Swing-state voters oppose Iran deal 2-1

Swing-state voters oppose Iran deal 2-1
© Getty

Voters in the swing states of Florida, Ohio and Pennsylvania oppose the international nuclear accord with Iran by margins of more than 2-to-1, according to a new Quinnipiac University Poll.

Florida voters oppose the deal 61 percent to 25 percent, Ohio voters oppose it 58 percent to 24 percent and Pennsylvania voters oppose it 61 percent to 26 percent, according to the poll.

A majority of voters in each of the states said the deal brokered by the Obama administration to limit Iran's nuclear program in exchange for sanctions relief would make the world less safe.

At least one lawmaker from those states, Pennsylvania Sen. Bob CaseyRobert (Bob) Patrick CaseyHouse GOP frets over Pennsylvania race Do the numbers add up for Democrat Conor Lamb in Pennsylvania? Poll: Five Senate Dems would lose to GOP challenger if elections held today MORE, Jr., is among 13 Democrats still undecided about the accord in The Hill's Whip List. Lawmakers return to Washington in September.

Senate Minority Leader Harry ReidHarry Mason ReidTrump presses GOP to change Senate rules Only thing Defense’s UFO probe proves is power of political favors Nevada Democrat accused of sexual harassment reconsiders retirement: report MORE (D-Nev.) on Sunday became the latest Democrat to endorse President Obama's top foreign policy initiative, further boosting the deal on Capitol Hill.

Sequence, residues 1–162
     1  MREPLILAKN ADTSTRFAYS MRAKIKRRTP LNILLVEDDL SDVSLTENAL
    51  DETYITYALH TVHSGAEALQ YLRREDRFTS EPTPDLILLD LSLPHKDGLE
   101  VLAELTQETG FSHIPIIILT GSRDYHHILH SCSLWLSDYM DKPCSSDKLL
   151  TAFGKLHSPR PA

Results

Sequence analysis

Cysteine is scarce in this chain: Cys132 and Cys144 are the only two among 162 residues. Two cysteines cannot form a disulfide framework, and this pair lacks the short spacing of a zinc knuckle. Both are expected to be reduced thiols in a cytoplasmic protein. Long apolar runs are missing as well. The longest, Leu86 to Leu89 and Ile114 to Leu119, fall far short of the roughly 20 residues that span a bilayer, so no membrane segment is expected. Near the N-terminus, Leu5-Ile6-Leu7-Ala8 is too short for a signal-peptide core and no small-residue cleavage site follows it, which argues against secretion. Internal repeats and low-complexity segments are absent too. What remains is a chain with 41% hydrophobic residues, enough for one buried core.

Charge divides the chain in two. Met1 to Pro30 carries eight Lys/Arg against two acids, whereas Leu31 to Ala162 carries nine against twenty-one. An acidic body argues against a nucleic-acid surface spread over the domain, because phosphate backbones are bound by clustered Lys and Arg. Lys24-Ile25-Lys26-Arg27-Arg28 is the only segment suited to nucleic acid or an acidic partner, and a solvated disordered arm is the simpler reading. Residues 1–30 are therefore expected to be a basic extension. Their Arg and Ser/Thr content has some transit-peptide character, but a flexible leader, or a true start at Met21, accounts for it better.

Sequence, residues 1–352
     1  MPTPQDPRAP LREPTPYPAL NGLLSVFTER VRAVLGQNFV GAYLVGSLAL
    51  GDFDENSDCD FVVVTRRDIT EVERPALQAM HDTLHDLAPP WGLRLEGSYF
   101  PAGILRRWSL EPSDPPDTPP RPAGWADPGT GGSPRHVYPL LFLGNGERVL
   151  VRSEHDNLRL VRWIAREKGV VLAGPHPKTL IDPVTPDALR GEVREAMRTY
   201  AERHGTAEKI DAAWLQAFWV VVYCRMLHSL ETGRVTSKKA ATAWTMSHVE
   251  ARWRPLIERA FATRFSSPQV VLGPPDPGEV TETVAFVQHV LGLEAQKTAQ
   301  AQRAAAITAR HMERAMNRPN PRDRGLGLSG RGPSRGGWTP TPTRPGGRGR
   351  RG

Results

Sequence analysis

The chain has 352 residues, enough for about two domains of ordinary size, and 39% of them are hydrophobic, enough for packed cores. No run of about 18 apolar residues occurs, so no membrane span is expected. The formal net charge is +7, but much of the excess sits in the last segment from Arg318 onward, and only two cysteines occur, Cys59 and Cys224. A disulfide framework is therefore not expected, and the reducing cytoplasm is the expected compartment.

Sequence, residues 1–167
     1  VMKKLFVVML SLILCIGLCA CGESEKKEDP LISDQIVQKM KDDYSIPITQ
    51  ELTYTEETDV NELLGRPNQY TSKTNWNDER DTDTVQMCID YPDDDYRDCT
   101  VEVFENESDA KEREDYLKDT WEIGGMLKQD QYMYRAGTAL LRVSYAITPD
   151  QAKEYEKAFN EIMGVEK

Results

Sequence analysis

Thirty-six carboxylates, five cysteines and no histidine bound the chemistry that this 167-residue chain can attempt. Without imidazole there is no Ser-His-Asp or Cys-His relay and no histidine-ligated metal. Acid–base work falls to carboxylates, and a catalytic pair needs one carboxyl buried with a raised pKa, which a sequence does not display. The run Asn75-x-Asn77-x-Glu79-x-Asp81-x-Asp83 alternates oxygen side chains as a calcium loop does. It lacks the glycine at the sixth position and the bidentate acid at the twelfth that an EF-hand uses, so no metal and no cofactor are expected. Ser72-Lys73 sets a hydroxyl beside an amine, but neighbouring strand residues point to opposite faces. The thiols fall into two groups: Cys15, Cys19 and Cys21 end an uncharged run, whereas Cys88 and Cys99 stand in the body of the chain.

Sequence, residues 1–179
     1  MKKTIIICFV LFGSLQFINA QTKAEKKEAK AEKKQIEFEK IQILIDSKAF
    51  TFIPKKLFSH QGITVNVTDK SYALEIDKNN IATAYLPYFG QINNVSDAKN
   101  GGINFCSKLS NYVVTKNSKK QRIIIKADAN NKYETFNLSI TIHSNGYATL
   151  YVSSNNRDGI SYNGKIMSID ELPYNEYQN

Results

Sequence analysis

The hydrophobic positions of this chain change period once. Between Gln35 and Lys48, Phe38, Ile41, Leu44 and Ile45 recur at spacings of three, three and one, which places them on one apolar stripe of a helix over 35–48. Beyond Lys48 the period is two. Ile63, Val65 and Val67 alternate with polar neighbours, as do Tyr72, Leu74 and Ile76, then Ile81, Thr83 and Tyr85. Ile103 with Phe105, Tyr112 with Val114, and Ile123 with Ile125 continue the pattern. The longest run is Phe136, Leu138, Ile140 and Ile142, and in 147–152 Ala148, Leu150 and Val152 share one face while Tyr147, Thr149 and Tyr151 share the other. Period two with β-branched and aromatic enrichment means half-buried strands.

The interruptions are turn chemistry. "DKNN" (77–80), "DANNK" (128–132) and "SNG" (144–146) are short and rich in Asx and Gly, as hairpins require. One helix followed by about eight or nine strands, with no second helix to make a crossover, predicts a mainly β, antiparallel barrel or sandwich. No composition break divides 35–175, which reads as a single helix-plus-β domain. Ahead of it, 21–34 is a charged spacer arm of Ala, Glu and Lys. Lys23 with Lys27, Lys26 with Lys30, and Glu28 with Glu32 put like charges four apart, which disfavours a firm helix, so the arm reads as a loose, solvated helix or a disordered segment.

While many oppose the deal, a majority of Americans nationally also thinks Congress should reject the accord, a CNN/ORC International poll released last week found.

The issue could also play into the 2016 presidential race, with Democratic front-runner Hillary ClintonHillary Diane Rodham ClintonKoch-backed group launches six-figure ad buy against Heitkamp Trump keeps up 'low IQ' attack on Maxine Waters GOP leaders to Trump: Leave Mueller alone MORE backing Obama's proposal while most Republicans have opposed the deal.

The survey of 1,093 Florida voters, 1,096 Ohio voters and 1,085 Pennsylvania voters was conducted Aug. 7-18 via landlines and cellphones with a margin of error of three points.